Venezuela -- Geography --
Official name: Bolivarian Republic of Venezuela
Official currency: bolivar
Official language: spanish
Religions: Catholics 96%, protestants 2%, others 2%
Area: 912,050 sq. km.
Government type: federal republic
Climate: tropical; hot, humid; more moderate in highlands
Geographic coordinates: 8 00 N, 66 00 W
Natural resources: petroleum, natural gas, iron ore, gold, bauxite, other minerals, hydropower, diamonds
Terrain: Andes Mountains and Maracaibo Lowlands in northwest; central plains (llanos); Guiana Highlands in southeast
Venezuela -- History --
The first aboriginals are believed to have reached what is today Venezuela 1500 years ago - and the three main Indian influences are the Caribs from the Orinoco basin (credited with the invention of the hammock), the Arawaks from the Amazon and the Otomaks.
These nomadic peoples relied on hunting for their livelihood because of the difficulties involved with agriculture.
The coastal area where Columbus landed in 1498, on his third voyage to the Americas was then inhabited by tribes of Carib and Arawak Indians, whose houses thatched with palm fronds and built on stilts over the water were vaguely reminiscent of Venice - and so the name Venezuela, or 'little Venice'.
The first of the conquistadors was Diego de Ordaz, who landed in 1531, but neither he nor subsequent expeditions managed at first to establish permanent settlements because of the fierce resistance put up by the Indians, whose last uprising (led by chief Chiparapa) was put down in 1652.
The capital, Caracas was founded in 1567. The main method of conquest thereafter was through missionary zeal.
Venezuela was Spain's most successful agricultural colony, first with cacao and then, towards the end of the 18th century, coffee.
The battles for Independence were fought between 1749 and 1830, during which Simon Bolivar became a national hero and built his dream of Gran Colombia (from what is today Ecuador, Colombia, Panama, northern Peru and Venezuela),
only to have it broken again in 1830, when General Paez declared Venezuela a republic.
Further growth was slow until 1914, when oil was discovered near Maracaibo.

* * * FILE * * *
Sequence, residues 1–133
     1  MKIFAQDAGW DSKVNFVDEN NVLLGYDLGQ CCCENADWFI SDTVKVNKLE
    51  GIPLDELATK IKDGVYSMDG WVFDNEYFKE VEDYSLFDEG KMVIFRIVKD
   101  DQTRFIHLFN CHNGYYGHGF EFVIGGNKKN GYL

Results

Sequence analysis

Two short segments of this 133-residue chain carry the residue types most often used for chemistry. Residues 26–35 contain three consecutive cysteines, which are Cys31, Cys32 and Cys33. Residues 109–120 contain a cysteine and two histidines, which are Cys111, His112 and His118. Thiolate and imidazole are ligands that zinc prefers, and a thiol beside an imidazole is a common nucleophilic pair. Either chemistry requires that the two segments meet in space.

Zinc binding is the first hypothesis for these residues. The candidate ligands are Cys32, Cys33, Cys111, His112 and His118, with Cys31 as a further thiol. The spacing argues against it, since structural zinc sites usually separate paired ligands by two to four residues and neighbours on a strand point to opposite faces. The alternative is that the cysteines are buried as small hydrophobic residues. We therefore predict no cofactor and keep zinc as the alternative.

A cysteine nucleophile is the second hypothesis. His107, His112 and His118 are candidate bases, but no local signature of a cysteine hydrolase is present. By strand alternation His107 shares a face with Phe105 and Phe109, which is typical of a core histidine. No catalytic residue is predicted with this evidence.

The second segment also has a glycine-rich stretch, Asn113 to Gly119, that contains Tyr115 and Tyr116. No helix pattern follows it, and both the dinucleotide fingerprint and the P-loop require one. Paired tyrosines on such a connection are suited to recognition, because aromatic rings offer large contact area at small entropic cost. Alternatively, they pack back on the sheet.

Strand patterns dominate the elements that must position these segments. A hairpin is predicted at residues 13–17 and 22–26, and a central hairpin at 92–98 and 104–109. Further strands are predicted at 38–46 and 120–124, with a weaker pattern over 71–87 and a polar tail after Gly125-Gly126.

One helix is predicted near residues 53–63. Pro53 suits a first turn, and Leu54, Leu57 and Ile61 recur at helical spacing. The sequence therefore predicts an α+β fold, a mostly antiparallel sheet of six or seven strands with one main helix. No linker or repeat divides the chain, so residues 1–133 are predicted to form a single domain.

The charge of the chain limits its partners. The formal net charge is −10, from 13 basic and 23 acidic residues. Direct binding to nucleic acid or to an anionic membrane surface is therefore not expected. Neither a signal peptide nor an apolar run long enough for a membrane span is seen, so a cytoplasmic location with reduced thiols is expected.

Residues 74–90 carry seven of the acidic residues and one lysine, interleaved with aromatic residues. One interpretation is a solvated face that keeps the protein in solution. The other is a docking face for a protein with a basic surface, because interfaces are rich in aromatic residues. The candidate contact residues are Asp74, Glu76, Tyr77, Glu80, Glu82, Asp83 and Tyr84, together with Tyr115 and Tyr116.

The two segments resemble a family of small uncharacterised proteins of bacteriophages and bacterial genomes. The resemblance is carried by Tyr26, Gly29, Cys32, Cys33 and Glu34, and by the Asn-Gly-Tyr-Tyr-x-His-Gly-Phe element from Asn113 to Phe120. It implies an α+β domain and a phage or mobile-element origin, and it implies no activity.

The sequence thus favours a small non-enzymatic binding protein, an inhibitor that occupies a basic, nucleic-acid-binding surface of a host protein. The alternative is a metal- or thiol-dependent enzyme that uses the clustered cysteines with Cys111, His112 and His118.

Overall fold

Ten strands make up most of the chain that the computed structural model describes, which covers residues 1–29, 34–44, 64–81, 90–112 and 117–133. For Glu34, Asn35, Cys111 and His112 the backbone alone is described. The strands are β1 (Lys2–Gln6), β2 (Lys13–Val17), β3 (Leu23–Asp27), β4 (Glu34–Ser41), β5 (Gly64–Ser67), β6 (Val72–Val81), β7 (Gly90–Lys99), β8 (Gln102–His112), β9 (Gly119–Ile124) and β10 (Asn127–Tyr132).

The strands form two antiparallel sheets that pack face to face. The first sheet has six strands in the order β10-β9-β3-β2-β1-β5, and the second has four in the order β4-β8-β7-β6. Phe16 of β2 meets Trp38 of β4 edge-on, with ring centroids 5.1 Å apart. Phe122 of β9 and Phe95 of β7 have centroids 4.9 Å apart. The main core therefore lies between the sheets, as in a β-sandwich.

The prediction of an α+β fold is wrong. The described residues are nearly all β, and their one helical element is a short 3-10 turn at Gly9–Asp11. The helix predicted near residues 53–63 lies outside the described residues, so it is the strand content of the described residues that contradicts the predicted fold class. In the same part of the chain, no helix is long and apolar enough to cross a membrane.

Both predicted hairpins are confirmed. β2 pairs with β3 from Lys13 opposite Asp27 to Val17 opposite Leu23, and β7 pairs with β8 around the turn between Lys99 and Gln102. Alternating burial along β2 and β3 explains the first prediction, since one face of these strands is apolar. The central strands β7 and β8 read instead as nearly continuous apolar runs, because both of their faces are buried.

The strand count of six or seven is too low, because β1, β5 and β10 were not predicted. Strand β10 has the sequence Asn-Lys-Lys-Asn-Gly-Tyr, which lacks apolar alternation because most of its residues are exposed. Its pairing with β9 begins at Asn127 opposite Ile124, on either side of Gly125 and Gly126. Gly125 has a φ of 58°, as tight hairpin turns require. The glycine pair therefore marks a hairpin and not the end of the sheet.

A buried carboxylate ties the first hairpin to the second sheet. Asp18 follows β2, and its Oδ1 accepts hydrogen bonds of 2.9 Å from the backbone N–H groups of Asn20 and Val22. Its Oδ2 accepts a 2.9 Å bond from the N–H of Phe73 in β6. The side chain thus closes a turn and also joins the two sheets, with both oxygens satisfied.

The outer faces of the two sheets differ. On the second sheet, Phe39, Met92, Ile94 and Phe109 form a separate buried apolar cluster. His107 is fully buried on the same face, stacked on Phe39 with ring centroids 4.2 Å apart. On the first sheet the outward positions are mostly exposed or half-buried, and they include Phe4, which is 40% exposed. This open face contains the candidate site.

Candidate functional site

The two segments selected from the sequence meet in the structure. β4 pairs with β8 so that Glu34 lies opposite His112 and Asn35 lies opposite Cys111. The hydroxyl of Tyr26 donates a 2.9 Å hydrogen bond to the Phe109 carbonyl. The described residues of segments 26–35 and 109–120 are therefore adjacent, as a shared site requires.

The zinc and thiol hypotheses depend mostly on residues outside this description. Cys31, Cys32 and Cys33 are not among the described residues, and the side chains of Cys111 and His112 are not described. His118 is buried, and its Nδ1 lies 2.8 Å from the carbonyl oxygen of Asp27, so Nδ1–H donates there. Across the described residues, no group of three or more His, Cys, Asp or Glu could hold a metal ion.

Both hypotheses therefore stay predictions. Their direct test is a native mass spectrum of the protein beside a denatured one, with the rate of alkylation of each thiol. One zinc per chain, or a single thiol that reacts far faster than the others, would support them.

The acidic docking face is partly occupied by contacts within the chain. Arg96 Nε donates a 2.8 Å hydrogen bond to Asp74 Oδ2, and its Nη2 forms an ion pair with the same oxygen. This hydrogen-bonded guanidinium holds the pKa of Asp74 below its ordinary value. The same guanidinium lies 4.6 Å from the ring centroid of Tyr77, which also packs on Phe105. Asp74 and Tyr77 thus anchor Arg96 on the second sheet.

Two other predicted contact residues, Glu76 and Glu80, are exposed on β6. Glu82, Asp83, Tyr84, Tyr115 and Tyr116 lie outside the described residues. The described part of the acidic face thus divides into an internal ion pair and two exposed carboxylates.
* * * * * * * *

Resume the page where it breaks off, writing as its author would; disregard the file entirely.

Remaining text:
This transformed the economy, and today Venezuela is the third largest producer in OPEC.
After a string of dictators, democracy was established in 1958 and has continued to the present day with elections every five years.
Venezuela -- Economy --
Venezuela remains highly dependent on oil revenues, which account for roughly 90% of export earnings, more than 50% of the federal budget revenues, and around 30% of GDP.
Venezuela’s most advanced industries are petroleum, construction materials, food processing, textiles; iron ore mining, steel, aluminum; motor vehicle assembly.
A nationwide strike between December 2002 and February 2003 had far-reaching economic consequences - real GDP declined by around 9% in 2002 and 8% in 2003 - but economic output since then has recovered strongly.
Fueled by high oil prices, record government spending helped to boost GDP in 2006 by about 9% and in 2007 by about 8%. This spending, combined with recent minimum wage hikes and improved access to domestic credit, has created a consumption boom but has come at the cost of higher inflation-roughly 20 percent in 2007. Imports also have jumped significantly.
Embolden by his December 2006 reelection, President Hugo Chavez in 2007 nationalized firms in the petroleum, communications, and electricity sectors, which reduced foreign influence in the economy. Although voters in December 2007 rejected Chavez’s proposed constitutional changes, Chavez still has significant control of the economy and has indicated he intends to continue to consolidate and centralize authority over the economy by implementing "21st Century Socialism."
Venezuela -- Culture --
Venezuelan culture is a mixture of three main cultures: European (Italian and Spanish), African and Indigenous.
The Indigenous influence is found mostly in the typical food of the country (like arepas), in the vocabulary and in many place names.